The RMOC Council's reaction was that the new information on the site was just last-minute obstructionism. They approved the zoning change in full, overruling their own planning department staff and even overriding further public notice requirements in the process. The happy land owners promptly dug a drainage ditch right through the middle of the most sensitive part of the wetland, the fen (as shown in the aerial view above). Politically, the RMOC, and it's successor, the amalgamated City of Ottawa, have continued active support of the developers ever since, with plans to provide servicing sufficient to cover the whole area with housing, and to wipe out the southern section of the wetland with a road.

After hearing the botanists' protests, the Ontario Ministry of Natural Resources acknowledged in 1989 that the area was a true Class I wetland with one of the highest evaluation scores in eastern Ontario, and that it was both regionally and provincially significant. But, 2 months later, the Ontario government decided that it would ignore its own Wetlands Policy, which states

"It is the Policy of the Province of Ontario that: Where Provincially Significant Wetlands have been identified, all planning jurisdictions, including municipalities and planning boards, shall incorporate policies and protect Provincially Significant Wetlands in official plans, zoning by-laws, and other development decisions under the Planning Act."
and let the developer know that Ontario would take no part in defending the area. In fact the OMNR, responsible for Ontario's parks, did appear at an Ontario Municipal Board hearing in 1991, but so half heartedly that their comments were ignored by the Board. The Board treated all the proponents of development as professionals and the proponents of the wetland as biased - one was even declared hostile - then determined the wetland boundary to be that proposed by the developers. (This is all but inevitable with judicial bodies such as the OMB. A professional's job is to provide the answers the client wants, while scientists try to get things right no matter where they lead. Lawyers are professionals, and instinctively view true scientists, such as those who attempted to defend the wetland, as impractical, even disruptive. They can't count on us.)

The federal government has a Wetland Conservation Policy, that sets the goals of

"no net loss of wetland functions on all federal lands and waters; enhancement and rehabilitation of wetlands in areas where the continuing loss or degradation of wetlands or their functions have reached critical levels; securement of wetlands of significance to Canadians."
A large portion of the wetland is owned by the federal government as a buffer zone around the Ottawa airport. And, in 1993, the federal Canadian Wildlife Service, for Environment Canada, reported [their capitals]
"The CWS considers the net environmental effects of the proposed development on the Leitrim Wetland are unacceptable ... A MAJOR PERMANENT NEGATIVE IMPACT ... In order to attempt to protect both the wetland area and function it is further recommended that 120 m of adjacent lands bordering the wetlands be secured."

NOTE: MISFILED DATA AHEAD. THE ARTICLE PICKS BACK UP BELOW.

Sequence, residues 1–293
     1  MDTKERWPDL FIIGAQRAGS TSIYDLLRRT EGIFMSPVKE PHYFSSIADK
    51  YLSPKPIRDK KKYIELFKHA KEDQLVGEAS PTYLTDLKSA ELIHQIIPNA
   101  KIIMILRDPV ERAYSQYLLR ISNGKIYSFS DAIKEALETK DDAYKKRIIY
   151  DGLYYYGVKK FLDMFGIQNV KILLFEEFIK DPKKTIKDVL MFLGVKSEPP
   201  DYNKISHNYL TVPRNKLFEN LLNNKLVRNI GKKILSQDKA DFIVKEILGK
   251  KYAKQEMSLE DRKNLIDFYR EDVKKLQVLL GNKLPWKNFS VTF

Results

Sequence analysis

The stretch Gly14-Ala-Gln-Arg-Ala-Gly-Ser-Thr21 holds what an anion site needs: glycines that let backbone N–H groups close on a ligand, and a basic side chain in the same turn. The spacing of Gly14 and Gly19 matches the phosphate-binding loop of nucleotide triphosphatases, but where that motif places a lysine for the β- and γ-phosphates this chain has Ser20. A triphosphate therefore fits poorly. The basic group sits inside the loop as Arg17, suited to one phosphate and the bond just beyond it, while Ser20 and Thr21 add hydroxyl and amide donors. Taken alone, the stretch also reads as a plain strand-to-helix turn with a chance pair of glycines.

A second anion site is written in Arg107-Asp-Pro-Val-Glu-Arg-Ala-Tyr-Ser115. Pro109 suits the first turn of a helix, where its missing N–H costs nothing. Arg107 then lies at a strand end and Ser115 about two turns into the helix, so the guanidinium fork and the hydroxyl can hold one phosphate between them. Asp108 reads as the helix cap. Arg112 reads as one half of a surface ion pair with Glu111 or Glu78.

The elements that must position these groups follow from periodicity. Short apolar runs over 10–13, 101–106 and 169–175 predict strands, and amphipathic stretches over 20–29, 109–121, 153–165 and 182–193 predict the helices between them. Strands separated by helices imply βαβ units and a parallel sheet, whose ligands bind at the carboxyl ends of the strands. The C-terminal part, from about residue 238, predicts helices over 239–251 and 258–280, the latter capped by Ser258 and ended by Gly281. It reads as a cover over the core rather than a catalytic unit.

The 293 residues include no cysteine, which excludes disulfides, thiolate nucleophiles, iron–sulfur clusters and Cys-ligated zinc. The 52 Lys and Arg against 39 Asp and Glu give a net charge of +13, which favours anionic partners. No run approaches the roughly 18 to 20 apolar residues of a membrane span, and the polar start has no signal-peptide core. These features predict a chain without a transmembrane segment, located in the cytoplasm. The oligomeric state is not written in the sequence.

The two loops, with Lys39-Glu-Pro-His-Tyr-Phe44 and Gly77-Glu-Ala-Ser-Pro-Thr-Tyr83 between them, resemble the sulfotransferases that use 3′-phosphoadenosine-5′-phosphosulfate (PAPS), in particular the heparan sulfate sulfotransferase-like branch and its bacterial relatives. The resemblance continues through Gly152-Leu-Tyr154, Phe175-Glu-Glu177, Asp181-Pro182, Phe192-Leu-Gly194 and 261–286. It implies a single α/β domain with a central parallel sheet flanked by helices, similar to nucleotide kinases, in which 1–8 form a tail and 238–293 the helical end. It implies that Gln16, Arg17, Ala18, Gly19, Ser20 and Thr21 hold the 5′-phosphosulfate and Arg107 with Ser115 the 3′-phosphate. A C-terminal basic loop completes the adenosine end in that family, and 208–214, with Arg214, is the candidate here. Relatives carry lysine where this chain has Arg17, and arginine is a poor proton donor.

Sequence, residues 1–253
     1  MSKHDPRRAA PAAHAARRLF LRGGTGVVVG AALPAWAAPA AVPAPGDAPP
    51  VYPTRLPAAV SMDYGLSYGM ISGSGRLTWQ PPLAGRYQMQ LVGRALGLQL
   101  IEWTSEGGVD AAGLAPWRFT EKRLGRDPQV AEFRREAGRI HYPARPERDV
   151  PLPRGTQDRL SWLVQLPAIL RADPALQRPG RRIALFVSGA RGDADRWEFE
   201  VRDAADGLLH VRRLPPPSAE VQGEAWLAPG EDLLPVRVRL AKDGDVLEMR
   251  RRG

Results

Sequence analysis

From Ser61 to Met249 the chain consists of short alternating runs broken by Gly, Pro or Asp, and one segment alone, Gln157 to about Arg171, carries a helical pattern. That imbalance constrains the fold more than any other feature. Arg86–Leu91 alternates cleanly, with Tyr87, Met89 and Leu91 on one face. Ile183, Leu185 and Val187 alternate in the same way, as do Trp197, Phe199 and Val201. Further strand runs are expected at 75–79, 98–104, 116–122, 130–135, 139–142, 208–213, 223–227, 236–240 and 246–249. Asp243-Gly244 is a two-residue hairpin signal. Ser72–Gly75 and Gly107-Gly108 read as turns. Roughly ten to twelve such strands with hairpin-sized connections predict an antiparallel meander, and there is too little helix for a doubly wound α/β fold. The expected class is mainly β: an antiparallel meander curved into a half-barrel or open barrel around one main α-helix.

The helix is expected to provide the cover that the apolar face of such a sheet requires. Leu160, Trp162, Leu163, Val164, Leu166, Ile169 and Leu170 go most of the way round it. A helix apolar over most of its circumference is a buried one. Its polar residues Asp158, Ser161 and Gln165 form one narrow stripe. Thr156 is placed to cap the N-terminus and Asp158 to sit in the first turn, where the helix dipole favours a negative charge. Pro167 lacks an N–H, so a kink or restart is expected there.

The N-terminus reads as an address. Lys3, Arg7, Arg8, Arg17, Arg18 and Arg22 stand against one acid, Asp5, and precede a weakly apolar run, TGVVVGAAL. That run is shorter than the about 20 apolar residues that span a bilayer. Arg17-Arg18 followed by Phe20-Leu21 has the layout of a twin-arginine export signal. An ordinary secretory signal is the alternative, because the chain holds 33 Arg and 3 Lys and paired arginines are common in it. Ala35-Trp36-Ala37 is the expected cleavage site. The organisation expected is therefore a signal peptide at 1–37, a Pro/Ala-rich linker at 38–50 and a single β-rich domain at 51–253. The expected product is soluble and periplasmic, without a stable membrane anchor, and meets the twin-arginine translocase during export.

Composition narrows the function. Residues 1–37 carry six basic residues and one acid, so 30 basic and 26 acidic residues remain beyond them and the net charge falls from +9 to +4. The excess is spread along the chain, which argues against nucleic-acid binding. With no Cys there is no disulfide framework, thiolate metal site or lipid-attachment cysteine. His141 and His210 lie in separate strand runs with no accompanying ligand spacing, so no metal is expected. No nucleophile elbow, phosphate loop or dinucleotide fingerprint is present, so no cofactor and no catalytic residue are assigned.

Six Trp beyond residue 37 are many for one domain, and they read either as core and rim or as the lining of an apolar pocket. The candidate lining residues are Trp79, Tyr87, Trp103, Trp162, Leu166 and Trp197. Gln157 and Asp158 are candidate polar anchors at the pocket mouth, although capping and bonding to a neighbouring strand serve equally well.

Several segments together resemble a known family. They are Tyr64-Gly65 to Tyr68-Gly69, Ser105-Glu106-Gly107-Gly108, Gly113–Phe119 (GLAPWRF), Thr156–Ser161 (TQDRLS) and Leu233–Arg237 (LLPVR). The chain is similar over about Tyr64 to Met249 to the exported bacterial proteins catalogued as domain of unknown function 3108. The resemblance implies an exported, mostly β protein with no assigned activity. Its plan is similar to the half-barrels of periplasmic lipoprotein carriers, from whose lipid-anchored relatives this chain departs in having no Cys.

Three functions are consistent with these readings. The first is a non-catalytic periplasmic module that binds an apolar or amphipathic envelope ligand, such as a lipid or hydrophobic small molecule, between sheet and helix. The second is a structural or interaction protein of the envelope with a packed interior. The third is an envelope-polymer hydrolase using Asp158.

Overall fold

Although mid-level National Capital Commission (NCC) staff tried to find land within their control that might be swapped for the sensitive Leitrim land, they were unsuccessful - most federal land in the area is controlled by departments, not by the NCC, and none were forthcoming. The federal government then granted permission for drainage ditches and water supply pipes required for phase two of the development to cross federal land. Transport Canada installed an airport radar facility, complete with drainage, in the heart of the wetland. And, at a meeting 1 March 1995, the NCC pressured all federal government agencies into accepting the developers' plan. The NCC then adopted (in 1996) a Greenbelt Master Plan which provides that their conservation efforts are to be restricted to within the current boundaries of the Greenbelt, thus excluding Leitrim.

A new Ottawa Airport runway should be built (shown dashed in white) in the future so that two old runways can be closed to abate aircraft noise over residential areas. The airport will need end-of-runway control - block A, and a matching block off the west end of the new runway. (These blocks are currently in NCC hands as part of the Greenbelt.) The feds couldn't care less - they have now transferred airport management to the private sector so this will be someone else's problem.

The City of Gloucester, within which the site lay before amalgamation with Ottawa, was not of much assistance either. The City acknowledged that the area is a Class I Wetland, but that was all - in every other respect, they acted to facilitate the development, citing the necessity for Gloucester to keep growing in population forever so that taxes could be kept at an unsustainably low level. (As Cumming Cockburn Ltd. put it, "Both the Regional Municipality of Ottawa-Carleton and the City of Gloucester ... consider growth in the assessment base to be essential to moderating yearly tax increases, and to providing the means of providing the financial resources to maintain the level of services to residents.")

The new amalgamated City of Ottawa has given full approval for development. The signs are up - Findlay Creek Village. The basements are being dug and drainage sewers installed.

What can be done?

Nothing. It's a done deal.

Additional reading:
Trail & Landscape 24(3):56-78(1990); 26(3):64-94(1992); 27(4):118-139(1993)

John Sankey
other notes on nature studies